Physicians Have Until Tomorrow to Opt Out of MedicareWritten by Leigh Page | March 16, 2010
While Congress hems and haws over how it will handle the 21.2 percent (and growing) Medicare physician fee cut, physicians who are fed up with Congress' yearly drama over payments have a chance to opt out of Medicare, but they have to do so by March 17 for the current year.
The 2010 drama has been the most torturous of all, with the possibility of a huge cut postponed for two months and then, when it was down to the wire, postponed one more month. Now, as the end of the month approaches, Congress is still considering a proposal to postpone the cuts for six more months.
But even if Congress comes through, there are other reasons to opt out of Medicare. No physician or hospital needs to be reminded that Medicare pays much less than commercial insurance and that Medicare reimbursement for specialties such as orthopedics has fallen. Meanwhile, specialists who are less dependent on Medicare could conceivably walk away from it and survive.
Mayo Clinic Arizona stopped accepting Medicare patients on Jan. 1 at one of its primary-care sites, saying the program pays too little, and many smaller practices around the country have opted out, including Stephen B. Reznicek, MD, a urologist in Cadillac, Mich., who has considered turning away many first-time, non-emergency Medicare patients (see: "Michigan Urologist Feels Impact of Congress' Inability to Pass Fee Fix").
"Opting out of Medicare begins with a philosophic choice," wrote Kentucky Neurosurgeon Timothy C. Kriss, MD, who has opted out, on the Web site of the Association of American Physicians & Surgeons. "Believers in a free market will find government regulation and bureaucracy stifling, while others may find it tolerable. You must ask yourself whether participation in the program is consistent with your values.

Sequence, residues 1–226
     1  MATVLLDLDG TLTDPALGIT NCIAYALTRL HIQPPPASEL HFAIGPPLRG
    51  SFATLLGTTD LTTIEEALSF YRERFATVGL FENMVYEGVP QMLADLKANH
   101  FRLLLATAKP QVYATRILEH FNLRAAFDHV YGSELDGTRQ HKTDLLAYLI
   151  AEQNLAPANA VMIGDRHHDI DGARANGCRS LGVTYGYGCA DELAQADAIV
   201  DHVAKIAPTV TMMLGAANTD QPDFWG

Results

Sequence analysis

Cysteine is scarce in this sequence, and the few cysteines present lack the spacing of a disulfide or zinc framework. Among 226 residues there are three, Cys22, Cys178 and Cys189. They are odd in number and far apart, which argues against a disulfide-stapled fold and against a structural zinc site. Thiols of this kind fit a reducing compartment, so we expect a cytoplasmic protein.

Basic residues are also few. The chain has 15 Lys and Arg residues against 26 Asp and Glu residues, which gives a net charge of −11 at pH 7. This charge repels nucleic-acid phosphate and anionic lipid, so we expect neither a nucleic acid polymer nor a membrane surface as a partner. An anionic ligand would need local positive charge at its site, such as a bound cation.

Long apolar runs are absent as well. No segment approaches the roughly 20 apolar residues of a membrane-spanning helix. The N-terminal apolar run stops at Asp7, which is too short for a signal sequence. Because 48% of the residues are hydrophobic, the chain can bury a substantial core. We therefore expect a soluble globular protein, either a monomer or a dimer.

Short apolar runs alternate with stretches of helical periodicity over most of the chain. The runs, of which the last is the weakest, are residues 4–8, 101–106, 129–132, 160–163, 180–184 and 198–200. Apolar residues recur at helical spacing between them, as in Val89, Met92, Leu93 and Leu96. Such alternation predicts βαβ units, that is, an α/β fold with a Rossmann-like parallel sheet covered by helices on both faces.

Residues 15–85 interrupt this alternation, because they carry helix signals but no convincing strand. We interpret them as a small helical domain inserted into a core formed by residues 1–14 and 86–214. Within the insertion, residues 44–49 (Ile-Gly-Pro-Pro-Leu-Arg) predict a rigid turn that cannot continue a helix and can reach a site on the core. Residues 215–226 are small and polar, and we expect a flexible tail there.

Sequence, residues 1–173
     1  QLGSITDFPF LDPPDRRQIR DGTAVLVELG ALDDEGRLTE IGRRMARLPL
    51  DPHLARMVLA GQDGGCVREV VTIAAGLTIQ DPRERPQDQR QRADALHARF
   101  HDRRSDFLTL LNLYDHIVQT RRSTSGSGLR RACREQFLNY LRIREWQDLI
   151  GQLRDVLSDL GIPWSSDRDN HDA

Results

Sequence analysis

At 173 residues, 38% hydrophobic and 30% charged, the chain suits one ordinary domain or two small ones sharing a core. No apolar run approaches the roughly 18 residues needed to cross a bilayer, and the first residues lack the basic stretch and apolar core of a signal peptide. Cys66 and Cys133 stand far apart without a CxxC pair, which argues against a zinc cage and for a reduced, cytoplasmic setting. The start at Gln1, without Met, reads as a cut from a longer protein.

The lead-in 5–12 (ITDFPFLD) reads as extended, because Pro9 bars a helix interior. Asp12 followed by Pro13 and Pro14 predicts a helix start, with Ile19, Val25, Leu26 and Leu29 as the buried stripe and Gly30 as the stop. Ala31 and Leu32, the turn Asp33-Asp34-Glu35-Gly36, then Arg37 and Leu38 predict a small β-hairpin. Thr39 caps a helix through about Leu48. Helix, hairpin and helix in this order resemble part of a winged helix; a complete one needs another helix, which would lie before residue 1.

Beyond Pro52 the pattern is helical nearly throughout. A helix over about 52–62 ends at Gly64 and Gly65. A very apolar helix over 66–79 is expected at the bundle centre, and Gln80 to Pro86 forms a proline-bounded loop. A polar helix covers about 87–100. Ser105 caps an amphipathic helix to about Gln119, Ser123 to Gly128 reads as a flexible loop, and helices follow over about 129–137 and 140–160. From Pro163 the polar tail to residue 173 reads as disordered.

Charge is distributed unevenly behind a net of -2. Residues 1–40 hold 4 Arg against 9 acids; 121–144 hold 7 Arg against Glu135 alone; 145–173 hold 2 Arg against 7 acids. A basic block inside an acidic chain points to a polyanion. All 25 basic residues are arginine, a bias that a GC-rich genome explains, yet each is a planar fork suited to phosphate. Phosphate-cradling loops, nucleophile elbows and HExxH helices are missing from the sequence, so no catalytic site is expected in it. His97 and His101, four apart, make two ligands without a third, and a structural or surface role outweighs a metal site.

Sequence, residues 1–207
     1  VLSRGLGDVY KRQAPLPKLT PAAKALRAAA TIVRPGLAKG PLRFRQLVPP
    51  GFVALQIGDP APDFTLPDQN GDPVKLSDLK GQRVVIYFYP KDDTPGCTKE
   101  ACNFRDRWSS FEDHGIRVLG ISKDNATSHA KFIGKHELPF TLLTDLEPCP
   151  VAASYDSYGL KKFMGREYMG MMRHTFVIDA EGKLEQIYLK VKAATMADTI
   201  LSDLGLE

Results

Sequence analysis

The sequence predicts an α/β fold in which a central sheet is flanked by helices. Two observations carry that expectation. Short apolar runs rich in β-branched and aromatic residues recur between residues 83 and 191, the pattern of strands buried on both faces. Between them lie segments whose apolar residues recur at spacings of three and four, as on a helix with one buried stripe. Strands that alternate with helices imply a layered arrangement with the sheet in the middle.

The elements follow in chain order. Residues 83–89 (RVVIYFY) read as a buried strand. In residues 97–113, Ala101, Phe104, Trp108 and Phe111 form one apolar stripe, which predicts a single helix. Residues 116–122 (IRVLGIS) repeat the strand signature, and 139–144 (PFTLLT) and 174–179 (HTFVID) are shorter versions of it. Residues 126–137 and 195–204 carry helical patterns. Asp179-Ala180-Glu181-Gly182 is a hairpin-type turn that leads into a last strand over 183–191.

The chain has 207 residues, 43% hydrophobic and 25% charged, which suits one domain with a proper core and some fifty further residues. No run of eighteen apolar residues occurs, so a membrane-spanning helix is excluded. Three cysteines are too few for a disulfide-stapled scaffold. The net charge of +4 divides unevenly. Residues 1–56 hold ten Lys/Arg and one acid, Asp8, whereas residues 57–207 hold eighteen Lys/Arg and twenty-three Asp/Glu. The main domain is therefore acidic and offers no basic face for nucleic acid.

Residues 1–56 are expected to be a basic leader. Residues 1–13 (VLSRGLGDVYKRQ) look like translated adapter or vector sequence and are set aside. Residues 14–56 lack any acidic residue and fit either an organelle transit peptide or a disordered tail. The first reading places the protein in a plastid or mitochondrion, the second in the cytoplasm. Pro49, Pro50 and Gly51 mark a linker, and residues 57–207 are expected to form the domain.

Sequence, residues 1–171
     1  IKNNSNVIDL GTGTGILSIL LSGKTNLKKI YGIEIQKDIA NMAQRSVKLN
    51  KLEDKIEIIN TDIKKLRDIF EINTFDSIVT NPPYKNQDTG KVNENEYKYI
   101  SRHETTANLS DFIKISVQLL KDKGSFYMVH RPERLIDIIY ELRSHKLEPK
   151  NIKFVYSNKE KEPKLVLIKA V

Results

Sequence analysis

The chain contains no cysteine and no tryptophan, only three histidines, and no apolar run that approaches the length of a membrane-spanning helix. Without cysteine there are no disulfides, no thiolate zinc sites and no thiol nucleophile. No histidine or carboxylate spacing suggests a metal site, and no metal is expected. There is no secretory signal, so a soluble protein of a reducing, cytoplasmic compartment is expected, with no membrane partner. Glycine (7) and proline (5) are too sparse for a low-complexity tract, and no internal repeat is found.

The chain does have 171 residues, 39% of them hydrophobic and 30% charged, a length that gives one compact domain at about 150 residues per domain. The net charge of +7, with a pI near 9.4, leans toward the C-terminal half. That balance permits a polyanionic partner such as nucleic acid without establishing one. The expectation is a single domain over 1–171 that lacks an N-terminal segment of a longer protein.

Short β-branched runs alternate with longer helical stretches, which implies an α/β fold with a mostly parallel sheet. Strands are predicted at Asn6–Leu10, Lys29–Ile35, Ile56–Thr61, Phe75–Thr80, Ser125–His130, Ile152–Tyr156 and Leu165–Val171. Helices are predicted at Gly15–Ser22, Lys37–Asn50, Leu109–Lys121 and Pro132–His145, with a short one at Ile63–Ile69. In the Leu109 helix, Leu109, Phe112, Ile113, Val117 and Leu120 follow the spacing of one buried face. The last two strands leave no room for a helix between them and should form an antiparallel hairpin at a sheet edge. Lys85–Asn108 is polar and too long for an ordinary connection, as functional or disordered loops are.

"Opting out of Medicare also involves an economic choice," he added. "It will result in a loss of income — possibly temporary, possibly permanent. Your practice may 'recover' (fill in with better payors) or you may see fewer patients. It is important to consider that the lost work and lost income are not proportional. Medicare pays less and costs more per patient on average. More time off with less income may be a desirable choice for you."
There are two gradations of opting out. The more common one is to change to "non-participating" status, which means Medicare will send a payment to the patient instead of the physician and the physician can bill up to 115 percent of a Medicare-approved amount. Then there is the more extreme form, which involves leaving Medicare altogether and asking Medicare patients to pay all charges out-of-pocket.
Both AMA and AAOS have outlined how to become a Medicare non-participant (see: "With Fee Cut Looming, AMA Shows How to Become Medicare Non-Participant" and AAOS' "Medicare participation options for physicians" ).
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